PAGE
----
"When the Houston Symphony asked Pierre Jalbert for a piece to take to Carnegie Hall, the Vermont-born composer thought about a trip to the Big Bend. ‘What is it about the southwest that the Houston Symphony could take to New York with them?' the Rice University professor asked himself.
"Memories of his visit to the national park last year provided Jalbert (pronounced with a hard t) the inspiration for big sky, which music director Hans Graf and the orchestra will premiere in Houston next weekend…. The symphony will then take the piece to Carnegie Hall on Jan. 24, where it will open their first New York concert in eight years.
"Commissions are the lifeblood of composers; they almost guarantee live performances. And this commission was especially juicy. Houston Symphony artistic administrator Aurelie Desmarais had heard Jalbert's name in keeping up with trends in the orchestra world, and conductor/pianist Jeffrey Kahane prompted her to take a serious look at the composer's music…
Desmarais asked for scores. She and music director Hans Graf settled on Les espaces infinis (The Infinite Spaces), written for the Albany Symphony Orchestra, which champions new American music. The Houston Symphony played it in February 2004.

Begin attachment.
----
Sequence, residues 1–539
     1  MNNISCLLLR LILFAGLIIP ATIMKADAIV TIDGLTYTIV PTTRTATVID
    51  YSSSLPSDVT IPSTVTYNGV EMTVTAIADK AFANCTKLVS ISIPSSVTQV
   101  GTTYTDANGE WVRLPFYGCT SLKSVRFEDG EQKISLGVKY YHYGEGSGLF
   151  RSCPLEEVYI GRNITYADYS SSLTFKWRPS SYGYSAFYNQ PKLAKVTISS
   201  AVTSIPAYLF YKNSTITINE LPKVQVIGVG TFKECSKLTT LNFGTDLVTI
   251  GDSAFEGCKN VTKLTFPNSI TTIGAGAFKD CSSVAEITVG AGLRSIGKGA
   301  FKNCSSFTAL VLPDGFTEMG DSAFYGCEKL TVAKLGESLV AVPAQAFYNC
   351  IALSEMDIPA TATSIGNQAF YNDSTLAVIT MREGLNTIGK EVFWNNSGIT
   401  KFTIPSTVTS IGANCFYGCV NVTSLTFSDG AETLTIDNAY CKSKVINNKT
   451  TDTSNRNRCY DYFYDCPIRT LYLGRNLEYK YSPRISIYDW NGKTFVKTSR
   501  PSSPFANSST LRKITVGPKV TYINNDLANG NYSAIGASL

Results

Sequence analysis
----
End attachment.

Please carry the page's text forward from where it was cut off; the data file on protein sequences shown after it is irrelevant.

Les espaces infinis "really clicked" with Graf, Desmarais says. So when they started thinking about a commission for Carnegie Hall, they approached Jalbert. Graf and Desmarais wanted something "celebratory" that would also show off the orchestra. "Pierre thought he could do it," she says. He began active work on the commission in June 2005, and completed it in November.
"Recalling his experiences with Big Bend, Jalbert remembered a sky that ‘seemed to go on forever." He didn't want to just paint a sonic picture. So mused, ‘How does the environment seem when you're standing in an area like that? The infiniteness of it?'"
The huge physical expanse dovetailed with the large orchestra he could use in the new work. For Les espaces infinis, the Albany Symphony had given him a chamber orchestra with only one trumpet. The Houston Symphony offered full brass — three trumpets and trombones plus tuba — and three percussionists. With a sound that big, he really could suggest "the largeness of space."
But at the same time, Jalbert notes, when you're standing in a wide-open place like Big Bend, "you feel very small, almost alone." That feeling suggested slow music, almost frozen in time. There he could also write solos for principal players.
In big sky, Jalbert honored in spirit Graf's suggestion that he include a quotation from a work by Mozart, whose 250th birthday will fall this year. Snuck into the violas' music in measures 156-157 — there are 247 — is a quote from the Mozart concert aria Bella mia fiamma, addio! At Carnegie Hall, soprano Barbara Bonney will sing that piece immediately after big sky.